We all want the best for our health, family, and planet. This is why it’s so important to learn about toxins and look for opportunities to avoid them, whenever possible.
Let’s say you are already buying organic foods, avoiding plastics in the kitchen, eliminated artificial fragrance, and are avoiding non-stick kitchenware. Now you’re ready to take non-toxic living to the next level.
So, what are your next steps?
We asked Aida Garcia-Toledo, founder of Non-Toxic Munchkin Consulting, for some of her favorite tips to eradicate toxins where they have the biggest impact.
Here are her three top tips to reduce your exposure to toxins in the home.
Skip Performance Fabrics in Furniture
Per- and polyfluoroalkyl substances (PFAS) are a group of man-made chemicals that includes PFOA, PFOS, GenX, and many other chemicals. According to the EPA, studies indicate PFAS can cause reproductive and developmental, liver and kidney, and immunological effects in laboratory animals.
PFAS chemicals are a family of chemicals applied to pretty much all furniture that claims to be stain- or water-resistant or other types of ‘performance fabric,” Garcia-Toledo warns.
While the two best known PFAS chemicals ( PFOA and PFOS of Teflon infamy) were phased out due to toxicity concerns related to cancer and other health effects, there are hundreds ( yes hundreds!) of new PFAS chemicals currently in use linked to neurotoxicity, reproductive problems, birth defects, developmental delays, and immune system suppression
How to Avoid PFAS
Avoid “ performance fabric,” stain-proof, and waterproofing fabrics in furniture, carpets, and rugs.
Ask the manufacturer: “ Are your fabrics water or stain-resistant? If so, how do you achieve this? Specifically: do you use C6 or other PFAS chemicals?”
You can also just ask “Do you offer fabrics that have not been treated to be stain nor water-resistant?”
Reduce Indoor Air Pollution
Take a close look at your indoor air: The fact is that most indoor air is more contaminated than the air outside, warns Garcia-Toledo.
Cleaning products, furniture (including mattresses), paint, flooring, construction materials and so much more can contribute to indoor air pollution.
How to Avoid Indoor Pollution
- First, open your window whenever possible. If you live near a busy street, open windows only during non-peak traffic hours.
- Then, make sure you are switching out your HVAC filters regularly. Choose filters that have MERV rating of 9 to 12: these high-performing air filters effectively filter out smoke, dust, pollen, and other 1–3 microns particles. For chemically sensitive individuals you might want to consider a MERV rating of 13 to 16, which offer the highest protection from bacteria, the flu virus, and contaminants as tiny as 0.03 – 1 microns in size. These are often used in hospitals and general surgery….. they can put a strain on a home HVAC so consult with a HVAC professional before using these.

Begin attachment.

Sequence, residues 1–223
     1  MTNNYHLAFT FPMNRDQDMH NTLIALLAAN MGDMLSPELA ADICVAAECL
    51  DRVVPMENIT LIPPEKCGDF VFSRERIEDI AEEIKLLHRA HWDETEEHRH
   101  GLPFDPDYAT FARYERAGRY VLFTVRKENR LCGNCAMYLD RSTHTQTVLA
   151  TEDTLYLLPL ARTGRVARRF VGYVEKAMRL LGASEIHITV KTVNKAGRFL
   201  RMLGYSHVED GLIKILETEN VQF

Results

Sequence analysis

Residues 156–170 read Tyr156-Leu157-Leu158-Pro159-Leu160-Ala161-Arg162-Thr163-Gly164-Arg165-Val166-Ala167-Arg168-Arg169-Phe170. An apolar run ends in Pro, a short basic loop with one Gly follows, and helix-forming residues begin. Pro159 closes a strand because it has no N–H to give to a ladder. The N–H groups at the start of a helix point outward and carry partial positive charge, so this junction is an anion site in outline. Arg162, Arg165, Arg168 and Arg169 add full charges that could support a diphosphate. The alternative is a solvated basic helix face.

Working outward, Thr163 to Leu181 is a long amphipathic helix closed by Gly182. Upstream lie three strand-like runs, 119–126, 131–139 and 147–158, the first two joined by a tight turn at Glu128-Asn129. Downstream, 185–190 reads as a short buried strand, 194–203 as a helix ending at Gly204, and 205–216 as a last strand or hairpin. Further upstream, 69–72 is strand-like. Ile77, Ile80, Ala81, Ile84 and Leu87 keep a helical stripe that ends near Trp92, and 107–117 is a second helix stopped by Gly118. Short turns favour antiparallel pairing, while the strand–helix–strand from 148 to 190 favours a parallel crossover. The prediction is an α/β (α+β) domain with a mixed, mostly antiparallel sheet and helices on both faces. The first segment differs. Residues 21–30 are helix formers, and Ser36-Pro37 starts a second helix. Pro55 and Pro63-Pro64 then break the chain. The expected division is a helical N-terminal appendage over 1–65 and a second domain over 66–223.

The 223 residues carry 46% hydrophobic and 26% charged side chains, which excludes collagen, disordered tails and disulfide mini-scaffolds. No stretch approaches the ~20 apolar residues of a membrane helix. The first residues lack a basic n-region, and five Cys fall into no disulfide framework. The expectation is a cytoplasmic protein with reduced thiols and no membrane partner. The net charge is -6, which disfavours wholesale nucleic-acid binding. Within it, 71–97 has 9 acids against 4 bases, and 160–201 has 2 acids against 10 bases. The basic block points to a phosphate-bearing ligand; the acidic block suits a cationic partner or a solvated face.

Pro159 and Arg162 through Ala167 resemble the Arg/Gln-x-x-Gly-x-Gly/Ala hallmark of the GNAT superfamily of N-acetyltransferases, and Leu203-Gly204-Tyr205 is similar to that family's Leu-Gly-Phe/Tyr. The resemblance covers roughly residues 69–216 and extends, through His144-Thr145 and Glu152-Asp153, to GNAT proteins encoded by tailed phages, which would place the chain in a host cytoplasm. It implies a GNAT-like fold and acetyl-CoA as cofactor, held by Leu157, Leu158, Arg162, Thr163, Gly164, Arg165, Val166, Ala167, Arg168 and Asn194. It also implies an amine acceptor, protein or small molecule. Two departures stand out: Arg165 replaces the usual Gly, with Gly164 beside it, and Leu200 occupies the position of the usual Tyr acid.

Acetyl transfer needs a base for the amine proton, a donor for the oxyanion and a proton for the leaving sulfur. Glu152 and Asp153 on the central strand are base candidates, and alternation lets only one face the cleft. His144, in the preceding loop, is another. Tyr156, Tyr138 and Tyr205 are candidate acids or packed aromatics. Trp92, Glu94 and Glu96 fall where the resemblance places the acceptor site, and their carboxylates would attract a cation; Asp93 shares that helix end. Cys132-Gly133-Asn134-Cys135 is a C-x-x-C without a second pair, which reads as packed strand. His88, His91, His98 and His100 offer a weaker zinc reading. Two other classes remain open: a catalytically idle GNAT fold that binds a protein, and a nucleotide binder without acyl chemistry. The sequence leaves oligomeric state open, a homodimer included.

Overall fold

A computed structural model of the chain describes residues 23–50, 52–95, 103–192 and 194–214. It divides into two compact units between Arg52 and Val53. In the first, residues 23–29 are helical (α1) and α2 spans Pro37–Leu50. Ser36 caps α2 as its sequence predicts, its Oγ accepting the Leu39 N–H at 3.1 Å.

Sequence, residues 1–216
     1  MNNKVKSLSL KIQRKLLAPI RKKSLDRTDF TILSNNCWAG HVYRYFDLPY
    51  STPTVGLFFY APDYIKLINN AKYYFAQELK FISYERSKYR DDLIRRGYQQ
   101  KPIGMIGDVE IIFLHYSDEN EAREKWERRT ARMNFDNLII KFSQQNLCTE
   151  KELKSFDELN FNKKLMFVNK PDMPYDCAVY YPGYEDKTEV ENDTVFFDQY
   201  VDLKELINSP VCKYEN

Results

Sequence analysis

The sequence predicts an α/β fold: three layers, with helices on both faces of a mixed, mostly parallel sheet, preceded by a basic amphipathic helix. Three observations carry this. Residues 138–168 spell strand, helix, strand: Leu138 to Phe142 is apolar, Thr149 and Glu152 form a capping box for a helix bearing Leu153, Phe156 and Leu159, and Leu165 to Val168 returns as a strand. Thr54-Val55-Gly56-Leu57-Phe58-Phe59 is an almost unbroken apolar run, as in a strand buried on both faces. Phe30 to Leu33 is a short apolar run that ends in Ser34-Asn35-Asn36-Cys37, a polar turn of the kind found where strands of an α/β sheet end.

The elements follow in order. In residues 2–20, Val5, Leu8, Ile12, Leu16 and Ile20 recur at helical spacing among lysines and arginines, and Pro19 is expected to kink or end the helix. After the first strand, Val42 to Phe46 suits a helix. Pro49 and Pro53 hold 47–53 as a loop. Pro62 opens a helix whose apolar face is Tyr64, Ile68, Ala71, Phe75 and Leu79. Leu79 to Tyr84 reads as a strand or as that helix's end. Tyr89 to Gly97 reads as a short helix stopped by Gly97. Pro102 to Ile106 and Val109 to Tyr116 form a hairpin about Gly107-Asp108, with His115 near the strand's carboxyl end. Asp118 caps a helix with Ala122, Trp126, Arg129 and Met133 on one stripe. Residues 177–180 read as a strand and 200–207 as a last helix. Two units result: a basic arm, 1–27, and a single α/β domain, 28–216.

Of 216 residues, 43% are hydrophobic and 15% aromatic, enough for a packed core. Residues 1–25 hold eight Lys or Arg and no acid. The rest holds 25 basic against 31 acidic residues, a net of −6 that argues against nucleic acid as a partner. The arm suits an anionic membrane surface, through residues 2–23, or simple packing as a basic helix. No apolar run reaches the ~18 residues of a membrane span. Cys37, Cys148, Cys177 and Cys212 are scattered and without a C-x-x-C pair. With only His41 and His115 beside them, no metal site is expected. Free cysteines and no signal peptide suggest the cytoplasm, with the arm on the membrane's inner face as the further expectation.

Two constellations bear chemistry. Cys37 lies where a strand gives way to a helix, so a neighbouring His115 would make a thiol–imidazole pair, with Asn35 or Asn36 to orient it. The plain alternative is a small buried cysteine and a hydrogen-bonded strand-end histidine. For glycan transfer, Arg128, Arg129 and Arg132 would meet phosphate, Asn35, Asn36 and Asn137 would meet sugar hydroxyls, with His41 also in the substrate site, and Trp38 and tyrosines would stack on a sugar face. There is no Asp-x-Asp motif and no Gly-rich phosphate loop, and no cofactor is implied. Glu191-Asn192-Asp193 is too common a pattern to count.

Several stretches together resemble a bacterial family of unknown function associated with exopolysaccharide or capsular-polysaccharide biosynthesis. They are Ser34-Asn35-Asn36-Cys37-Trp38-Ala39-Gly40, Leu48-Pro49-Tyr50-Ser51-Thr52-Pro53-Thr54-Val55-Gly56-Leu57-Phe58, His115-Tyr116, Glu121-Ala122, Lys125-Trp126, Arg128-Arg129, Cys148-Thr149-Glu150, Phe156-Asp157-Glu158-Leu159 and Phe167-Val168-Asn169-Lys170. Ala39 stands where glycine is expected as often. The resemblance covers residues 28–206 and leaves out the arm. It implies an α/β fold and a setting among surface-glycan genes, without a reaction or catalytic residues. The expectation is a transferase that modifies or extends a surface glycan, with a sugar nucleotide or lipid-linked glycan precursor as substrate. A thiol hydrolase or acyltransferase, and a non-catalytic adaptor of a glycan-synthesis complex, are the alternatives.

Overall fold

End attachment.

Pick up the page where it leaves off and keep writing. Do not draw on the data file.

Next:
- Finally, budget allowing, invest in a portable high-quality air filter. We have one in each bedroom- while the upfront cost is high these last for years and help clean the air in your bedroom which allow your body to properly restore overnight
- Invest in high-quality non-toxic bedding. Natural latex mattresses and pillows are a great non-toxic choice and last much longer than traditional synthetic options, so you’ll be helping to reduce waste as well as create a healthy sleeping environment.
Shop for Non-Toxic Paint
You’ve heard of low VOC paint by now. But did you know, choosing a non-toxic paint goes beyond looking for a low or zero VOC paint?
Paint can off-gas different toxins for months or even years. Even more important than the shade on the swatch is what’s inside your can of paint.
How to Choose a Non-toxic Paint
Take the following factors into consideration before you buy your next can of paint:
- APE’s : these are surfactants used in paints that are known endocrine disruptors. Most labels will specify if the paint is free of APE’s- if it is not labeled, ask!
- VOC’s: There are 2 levels of VOC you need to look at: First, the VOC content of the base paint. This is usually labeled on the paint can and can be ‘zero VOC’ or ‘low VOC’. The second type is the VOC content of the colorants. These are not labeled in the can and usually the darker the pigment, the higher the VOC levels. You will probably need to ask the manufacturer for these levels.
- Antimicrobials: These chemicals are endocrine disruptors. For paints, it is best to avoid antifungal or antimicrobial claims that say they kill germs on the surface of the paint.
Your home should be a safe haven for you and your family. One of the hardest things to protect your family against is toxins, many of which are invisible to the eye and may even be odorless or imperceptible to your senses.
Stay aware of the dangers of toxins, look for healthier, non-toxic options when it comes to paints and furnishings, and consider investing in air filters to help filter out the toxins from your home. You may not be able to single-handedly eradicate toxins from the planet, but you can single-handedly make your home a safer, less toxic place.
For more of Aida Garcia-Toledo’s tips and inspiration for a nontoxic home, follow @nontoxicmunchkin on Instagram.